Influence Your Food Truck Staff By Listening To Them

People don’t like being pushed, or even nudged, to do something. So when you need your staff members to take action by listening. Change their behavior, adapt a new strategy and inspire them to commit rather than forcing them to.

The key is to always be listening. Here are three great reasons to tune in to what your staff want to tell you:

  • You’ll get great ideas about things that need to shift in your food truck business when you open up communication.
  • You’ll head off problems early when your employees can tell you without fear or hassle that something in your truck is messed up.
  • You’ll warm up your culture by continually asking for feedback, acknowledging it and acting on it.

Your employees know a lot more about different aspects of your business than you do. In some cases , they even have more impact on the day to day operations of your business than you do.

How To Influence Your Food Truck Staff By Listening

The best way to do this is to listen, without your own needs and biases getting in the way. Try to understand where your employees are coming from. Resist the urge to defend yourself, explain yourself, or offer quick fixes.

You can help more effectively later, when the time is right, if you don’t pre-judge what they need (which might be very different from what you think). Instead, remember that you are listening to learn. Ask questions like: What does that mean for you? How do you feel about it? What’s your perspective on it? This is listening of the highest order.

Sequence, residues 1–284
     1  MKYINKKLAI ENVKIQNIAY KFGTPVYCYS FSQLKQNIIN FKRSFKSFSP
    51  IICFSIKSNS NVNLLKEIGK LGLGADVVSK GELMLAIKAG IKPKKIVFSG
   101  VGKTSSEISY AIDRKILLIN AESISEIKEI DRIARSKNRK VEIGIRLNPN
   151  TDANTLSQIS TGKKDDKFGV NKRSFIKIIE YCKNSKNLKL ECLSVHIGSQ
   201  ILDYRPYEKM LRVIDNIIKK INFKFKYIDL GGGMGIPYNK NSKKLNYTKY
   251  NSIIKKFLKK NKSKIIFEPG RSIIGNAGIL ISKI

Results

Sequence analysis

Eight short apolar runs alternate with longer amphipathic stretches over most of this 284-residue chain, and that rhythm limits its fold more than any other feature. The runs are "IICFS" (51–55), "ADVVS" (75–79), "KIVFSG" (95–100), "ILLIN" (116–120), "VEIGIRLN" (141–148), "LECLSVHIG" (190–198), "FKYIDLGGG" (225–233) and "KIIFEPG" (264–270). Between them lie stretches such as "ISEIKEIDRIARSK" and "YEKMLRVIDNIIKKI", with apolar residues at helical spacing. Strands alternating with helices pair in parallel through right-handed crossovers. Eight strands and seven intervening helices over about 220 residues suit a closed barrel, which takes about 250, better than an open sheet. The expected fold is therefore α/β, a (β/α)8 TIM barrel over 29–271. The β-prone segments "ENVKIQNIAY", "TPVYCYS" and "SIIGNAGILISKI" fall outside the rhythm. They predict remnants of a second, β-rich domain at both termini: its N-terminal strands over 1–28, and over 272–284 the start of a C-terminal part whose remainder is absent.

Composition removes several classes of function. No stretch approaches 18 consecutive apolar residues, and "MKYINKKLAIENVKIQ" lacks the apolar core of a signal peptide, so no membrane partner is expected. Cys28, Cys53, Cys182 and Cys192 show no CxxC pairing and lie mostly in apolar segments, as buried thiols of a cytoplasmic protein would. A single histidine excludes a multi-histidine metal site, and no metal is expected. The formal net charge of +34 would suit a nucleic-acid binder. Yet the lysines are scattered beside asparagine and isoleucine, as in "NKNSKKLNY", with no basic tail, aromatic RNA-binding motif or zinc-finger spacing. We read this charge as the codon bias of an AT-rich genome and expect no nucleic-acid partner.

Avoid These Roadblocks

To be able to motivate and inspire your food truck team, you need to learn how to listen to both individuals and in group environments. You have to put listening at the top of your to-do list and acknowledge it’s a skill that’s important in your role as a food truck owner.

  • Assume you know all of the answers. Allow for the possibility that your staff members have valuable information to share.
  • Get rid of distractions. When your attention is somewhere else during a conversation, you risk sending a message that the employee and their message are unimportant.
  • Overlook nonverbal cues. These cues often reveal what a person is really thinking. But don’t just focus on their body language. Be sure to control yours too. There are times this is challenging, either because we disagree strongly or because the information is upsetting.
  • React emotionally to what is being said. Acknowledge the information even if you don’t agree.

The Bottom Line

Face it; the strongest food truck owners tend to be characterized by their strong opinions and decisive actions. These are important traits, but it’s equally important for vendors to start listening to their staff members. Unfortunately too many vendors struggle to do this, in part because they’ve become more accustomed to speaking than listening. You need to start develop your listening ability. Avoid the barriers to good listening and overcome them.

How do you handle listening to your food truck team? Share your thoughts on this topic in the comment section or social media. Facebook | Twitter

2017-03-31T08:40:04+00:00 By |Features, Human Resources|

About the Author:

Richard is an architect by degree (Lawrence Technological University, Southfield, Michigan) who began his career in real estate development and architectural planning. In September of 2010 he created Mobile Cuisine Magazine to fill an information void he found when he began researching how to start a mobile hotdog cart in Chicago. Richard found that there was no central repository of mobile street food information anywhere on the internet, and with that, the idea for MCM was born.

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